Image-Guided Spine-Specific Injections

Our interventional spine specialists are experts at utilizing x-ray guidance to deliver powerful anti-inflammatory medication (cortisone) safely and precisely to the potentially inflamed swollen spinal structure responsible for your symptoms. This more specific approach replaces the more traditional method of general blind epidural injections, which are non-specific and performed without x-ray guidance.

Guide to Spine Injection Procedures.

Intradiscal Electrothermal Therapy/Annuloplasty (IDET)

This minimally invasive outpatient spinal procedure is utilized to relieve low back pain emanating from structural lesions within an internally compromised painful disc. A catheter is inserted into the outer portion of the painful disc under X-ray guidance. Then, a wire is guided through the catheter around the outer rim of the disc positioned to cover any cracks or tears within the disc. Once in position, the wire is heated to 90 degrees C over 16.5 minutes. This process can potentially tighten the loose protein molecules of the disk, seal painful cuts and tears in the outer portion of the disk, and cauterize small pain producing nerve fibers within the outer rim of the disc resulting in a firmer and less painful disk. IV pain medication is given throughout the procedure to control discomfort.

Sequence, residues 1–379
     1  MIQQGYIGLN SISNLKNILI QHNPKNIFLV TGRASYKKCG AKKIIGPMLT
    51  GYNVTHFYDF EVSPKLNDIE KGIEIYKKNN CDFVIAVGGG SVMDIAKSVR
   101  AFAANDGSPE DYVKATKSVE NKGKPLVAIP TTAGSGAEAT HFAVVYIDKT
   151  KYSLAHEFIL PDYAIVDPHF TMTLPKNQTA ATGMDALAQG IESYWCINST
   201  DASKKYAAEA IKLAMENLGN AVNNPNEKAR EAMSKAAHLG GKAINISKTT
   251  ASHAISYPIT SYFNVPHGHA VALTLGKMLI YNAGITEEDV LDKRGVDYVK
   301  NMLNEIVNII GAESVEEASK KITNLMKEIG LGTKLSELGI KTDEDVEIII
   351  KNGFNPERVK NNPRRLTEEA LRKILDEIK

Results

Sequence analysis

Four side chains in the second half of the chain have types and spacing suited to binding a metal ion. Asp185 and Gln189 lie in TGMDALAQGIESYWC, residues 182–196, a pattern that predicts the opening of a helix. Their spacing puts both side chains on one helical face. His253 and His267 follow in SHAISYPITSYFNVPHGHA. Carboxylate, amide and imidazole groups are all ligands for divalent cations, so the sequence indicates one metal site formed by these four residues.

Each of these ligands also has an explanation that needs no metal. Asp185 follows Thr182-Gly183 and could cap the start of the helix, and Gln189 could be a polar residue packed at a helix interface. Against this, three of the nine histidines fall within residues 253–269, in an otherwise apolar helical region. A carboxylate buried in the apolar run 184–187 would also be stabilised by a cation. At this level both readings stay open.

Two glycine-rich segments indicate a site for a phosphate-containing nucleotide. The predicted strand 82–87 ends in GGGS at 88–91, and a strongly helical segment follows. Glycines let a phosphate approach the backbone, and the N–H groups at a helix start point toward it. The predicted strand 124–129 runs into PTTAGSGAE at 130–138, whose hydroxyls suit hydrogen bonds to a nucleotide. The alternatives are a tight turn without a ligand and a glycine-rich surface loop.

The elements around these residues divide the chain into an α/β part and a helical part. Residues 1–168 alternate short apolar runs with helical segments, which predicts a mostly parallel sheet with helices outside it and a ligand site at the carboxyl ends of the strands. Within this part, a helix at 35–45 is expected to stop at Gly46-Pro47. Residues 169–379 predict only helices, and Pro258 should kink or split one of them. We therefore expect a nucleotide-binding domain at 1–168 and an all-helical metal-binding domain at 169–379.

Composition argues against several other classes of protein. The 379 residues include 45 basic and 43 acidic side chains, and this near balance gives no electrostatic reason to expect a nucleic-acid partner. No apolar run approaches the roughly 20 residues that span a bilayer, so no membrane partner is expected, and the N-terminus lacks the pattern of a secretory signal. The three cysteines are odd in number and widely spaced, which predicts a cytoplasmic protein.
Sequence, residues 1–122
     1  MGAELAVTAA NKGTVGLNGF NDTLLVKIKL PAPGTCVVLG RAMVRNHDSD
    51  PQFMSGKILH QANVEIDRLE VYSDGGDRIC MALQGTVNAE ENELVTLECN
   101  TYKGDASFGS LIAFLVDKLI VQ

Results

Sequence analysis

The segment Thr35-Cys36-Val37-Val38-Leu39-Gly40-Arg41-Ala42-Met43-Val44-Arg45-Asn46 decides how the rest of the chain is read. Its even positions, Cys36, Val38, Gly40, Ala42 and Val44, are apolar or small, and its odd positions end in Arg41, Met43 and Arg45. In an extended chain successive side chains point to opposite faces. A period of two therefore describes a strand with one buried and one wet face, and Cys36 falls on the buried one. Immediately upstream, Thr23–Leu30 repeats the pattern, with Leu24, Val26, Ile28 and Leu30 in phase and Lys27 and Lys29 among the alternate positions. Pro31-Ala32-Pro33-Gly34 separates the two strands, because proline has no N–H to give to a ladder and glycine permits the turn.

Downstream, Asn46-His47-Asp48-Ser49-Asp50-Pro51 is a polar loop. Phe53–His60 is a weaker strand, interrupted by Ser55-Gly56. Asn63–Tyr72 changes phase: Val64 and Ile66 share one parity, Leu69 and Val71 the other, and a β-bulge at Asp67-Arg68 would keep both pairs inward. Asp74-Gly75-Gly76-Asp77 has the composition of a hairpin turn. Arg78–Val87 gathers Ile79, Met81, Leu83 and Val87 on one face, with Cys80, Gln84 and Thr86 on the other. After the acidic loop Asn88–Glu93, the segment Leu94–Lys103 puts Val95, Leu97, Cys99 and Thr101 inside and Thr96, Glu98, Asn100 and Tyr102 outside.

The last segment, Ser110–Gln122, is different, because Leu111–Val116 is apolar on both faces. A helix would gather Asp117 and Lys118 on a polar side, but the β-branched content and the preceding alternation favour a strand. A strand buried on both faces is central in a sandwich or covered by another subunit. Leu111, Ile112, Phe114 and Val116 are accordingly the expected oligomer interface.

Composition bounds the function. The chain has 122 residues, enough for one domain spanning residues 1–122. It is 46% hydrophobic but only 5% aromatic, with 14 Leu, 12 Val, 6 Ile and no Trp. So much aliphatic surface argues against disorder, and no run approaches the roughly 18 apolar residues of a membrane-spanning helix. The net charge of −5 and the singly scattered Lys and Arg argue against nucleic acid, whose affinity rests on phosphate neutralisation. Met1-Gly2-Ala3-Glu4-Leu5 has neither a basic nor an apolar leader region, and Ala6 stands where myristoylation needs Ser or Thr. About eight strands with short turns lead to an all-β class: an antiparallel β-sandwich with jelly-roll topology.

Percutaneous Disc Decompression via Nucleoplasty

This minimally invasive outpatient spinal procedure is utilized to decompress or relieve pressure on a spinal nerve from a small to medium sized herniated disc. A catheter is inserted into the herniated disc under x-ray guidance and a special type of radiofrequency energy field called coblation, or controlled ablation, creates channels within the center of the herniated disc allowing for the herniated portion to resorb back to fill the channel via a negative pressure effect and relieve the pressure on the spinal nerve. IV pain medication is given throughout the procedure to control discomfort.

Spinal Surgery

90% of patients with back and neck problems will improve significantly without surgery. However, when non-surgical methods prove unhelpful, surgery may be your best alternative. The UR Medicine's Spine Center has an expert team of orthopaedic surgeons who perform a full range of surgical procedures. Before surgery, each patient meets with a surgeon to explore all options, discuss pre-operative and post-operative procedures and any questions or concerns.